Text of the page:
What are PTR (Pointer) Records?
Pointer records are used to map a network interface (IP) to a hostname for a reverse DNS configuration. PTR records are configured within reverse DNS domains (in-addr.arpa) domains.
PTR Record Fields
|Name||The last octet of the IP address you are configuring reverse DNS for.|
|TTL||The TTL (Time to Live) in seconds is the amount of time the record will cache resolving name servers and in web browsers. The longer the TTL the less frequent remote systems will lookup the DNS record and the less query traffic the domain receives. The shorter the TTL the faster DNS changes propagate in servers that have cached data, however the higher the volume of query traffic the domain receives.
Records configured with Failover or that change often should have TTL’s set anywhere from 180 to 600 (3 to 10 minutes cache).
Records that are static and don’t change often should have TTL’s set between 1800 (being on the low end) to 86400 seconds (30 minutes to 1 day cache).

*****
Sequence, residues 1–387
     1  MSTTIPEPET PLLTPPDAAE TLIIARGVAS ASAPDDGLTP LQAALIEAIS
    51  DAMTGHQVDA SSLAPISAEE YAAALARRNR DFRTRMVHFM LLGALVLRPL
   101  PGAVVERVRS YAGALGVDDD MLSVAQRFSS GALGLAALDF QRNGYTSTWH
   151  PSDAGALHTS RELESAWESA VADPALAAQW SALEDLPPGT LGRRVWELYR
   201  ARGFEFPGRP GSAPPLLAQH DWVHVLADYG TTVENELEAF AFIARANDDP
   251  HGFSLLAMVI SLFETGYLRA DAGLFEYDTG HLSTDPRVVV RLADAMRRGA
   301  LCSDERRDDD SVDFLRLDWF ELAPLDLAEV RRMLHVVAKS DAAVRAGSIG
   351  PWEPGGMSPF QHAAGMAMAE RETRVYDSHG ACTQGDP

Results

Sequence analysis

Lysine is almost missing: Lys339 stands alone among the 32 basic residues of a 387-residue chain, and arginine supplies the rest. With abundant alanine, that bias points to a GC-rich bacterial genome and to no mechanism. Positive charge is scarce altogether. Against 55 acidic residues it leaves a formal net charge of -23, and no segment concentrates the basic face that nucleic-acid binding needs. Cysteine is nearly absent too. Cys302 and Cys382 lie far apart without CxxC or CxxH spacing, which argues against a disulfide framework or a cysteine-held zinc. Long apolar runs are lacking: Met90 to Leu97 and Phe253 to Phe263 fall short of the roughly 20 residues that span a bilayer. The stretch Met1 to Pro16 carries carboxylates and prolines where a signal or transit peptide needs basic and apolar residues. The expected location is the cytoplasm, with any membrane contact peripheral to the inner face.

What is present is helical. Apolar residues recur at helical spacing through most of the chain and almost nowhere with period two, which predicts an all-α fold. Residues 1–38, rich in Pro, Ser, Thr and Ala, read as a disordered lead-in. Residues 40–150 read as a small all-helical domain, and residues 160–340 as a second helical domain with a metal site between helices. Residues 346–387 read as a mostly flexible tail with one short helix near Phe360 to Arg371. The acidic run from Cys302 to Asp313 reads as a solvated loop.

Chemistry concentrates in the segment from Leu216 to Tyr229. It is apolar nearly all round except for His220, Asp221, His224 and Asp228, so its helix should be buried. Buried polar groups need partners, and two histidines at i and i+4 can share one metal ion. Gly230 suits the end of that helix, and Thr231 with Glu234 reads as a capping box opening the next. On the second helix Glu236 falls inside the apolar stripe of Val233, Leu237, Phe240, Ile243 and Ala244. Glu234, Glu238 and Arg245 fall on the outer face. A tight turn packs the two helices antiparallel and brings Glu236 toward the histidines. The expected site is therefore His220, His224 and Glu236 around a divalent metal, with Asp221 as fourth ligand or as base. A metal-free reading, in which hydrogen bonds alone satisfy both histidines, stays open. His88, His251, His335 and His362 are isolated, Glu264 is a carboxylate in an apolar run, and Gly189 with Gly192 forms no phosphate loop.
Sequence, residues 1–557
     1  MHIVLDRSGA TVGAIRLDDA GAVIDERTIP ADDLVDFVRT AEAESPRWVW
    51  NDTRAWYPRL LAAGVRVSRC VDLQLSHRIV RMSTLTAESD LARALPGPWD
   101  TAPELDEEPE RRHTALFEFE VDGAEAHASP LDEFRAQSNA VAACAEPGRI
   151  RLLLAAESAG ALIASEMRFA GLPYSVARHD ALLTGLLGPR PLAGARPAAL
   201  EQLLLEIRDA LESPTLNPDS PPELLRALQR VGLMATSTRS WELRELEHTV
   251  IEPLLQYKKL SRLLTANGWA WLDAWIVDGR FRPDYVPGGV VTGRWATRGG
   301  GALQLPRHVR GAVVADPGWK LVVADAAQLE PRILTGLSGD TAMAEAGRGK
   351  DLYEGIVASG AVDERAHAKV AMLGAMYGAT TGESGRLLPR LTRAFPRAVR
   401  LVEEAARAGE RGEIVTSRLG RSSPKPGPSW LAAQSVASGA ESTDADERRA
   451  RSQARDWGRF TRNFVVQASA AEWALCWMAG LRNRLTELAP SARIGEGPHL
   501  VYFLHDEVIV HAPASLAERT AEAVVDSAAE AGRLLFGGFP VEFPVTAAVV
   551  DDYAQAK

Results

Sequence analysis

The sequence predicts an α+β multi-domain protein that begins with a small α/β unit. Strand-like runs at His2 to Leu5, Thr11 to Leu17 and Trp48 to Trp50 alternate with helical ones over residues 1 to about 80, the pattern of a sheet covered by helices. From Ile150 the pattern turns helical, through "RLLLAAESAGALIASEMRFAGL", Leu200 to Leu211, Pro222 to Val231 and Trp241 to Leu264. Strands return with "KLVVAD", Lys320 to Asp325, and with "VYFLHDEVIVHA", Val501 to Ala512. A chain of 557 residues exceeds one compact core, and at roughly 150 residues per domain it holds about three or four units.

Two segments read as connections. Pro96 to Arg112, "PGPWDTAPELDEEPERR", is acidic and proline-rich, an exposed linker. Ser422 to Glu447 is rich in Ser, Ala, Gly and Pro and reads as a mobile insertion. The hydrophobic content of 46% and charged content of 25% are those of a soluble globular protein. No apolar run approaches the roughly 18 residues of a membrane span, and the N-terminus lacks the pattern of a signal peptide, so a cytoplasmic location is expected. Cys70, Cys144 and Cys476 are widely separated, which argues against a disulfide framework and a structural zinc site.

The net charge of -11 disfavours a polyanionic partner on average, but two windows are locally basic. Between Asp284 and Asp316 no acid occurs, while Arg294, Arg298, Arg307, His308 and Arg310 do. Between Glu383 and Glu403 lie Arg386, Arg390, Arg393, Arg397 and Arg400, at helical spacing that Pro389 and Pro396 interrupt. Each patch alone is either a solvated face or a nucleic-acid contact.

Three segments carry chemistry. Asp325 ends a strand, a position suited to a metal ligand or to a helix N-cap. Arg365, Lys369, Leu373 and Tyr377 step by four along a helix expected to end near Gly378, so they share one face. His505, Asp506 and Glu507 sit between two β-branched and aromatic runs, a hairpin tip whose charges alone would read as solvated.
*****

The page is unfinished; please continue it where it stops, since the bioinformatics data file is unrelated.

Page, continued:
If a change is needed for a record with a high TTL, the TTL can be lowered prior to making the change and then raised back up again after.
|System||This will be the host name of the computer or server the IP resolves to, for example mail.example.com. It is important to note, the domain name is automatically appended to the end of this field unless it ends with a dot (.).|
Reverse DNS Overview
Before you set up your PTR records, you should first go through the Reverse DNS tutorial and set up Reverse DNS domains on Constellix name servers.
4. In this screen, you will add the record information. Follow the steps below:
A) Name: This will be the hostname for your record. It is important to note, the domain name is automatically appended to the “Name” field of the record.
B) TTL: Edit the TTL. Time to Live is measured in seconds and is the amount of time the record will cache in resolving name servers and web browsers.
C) System: This will be the host name of the computer or server the IP resolves to.
D) Notes: Add a helpful note with keywords so you can search for your records later.
E) Save and Close: Save your changes. Don’t forget to commit your changes.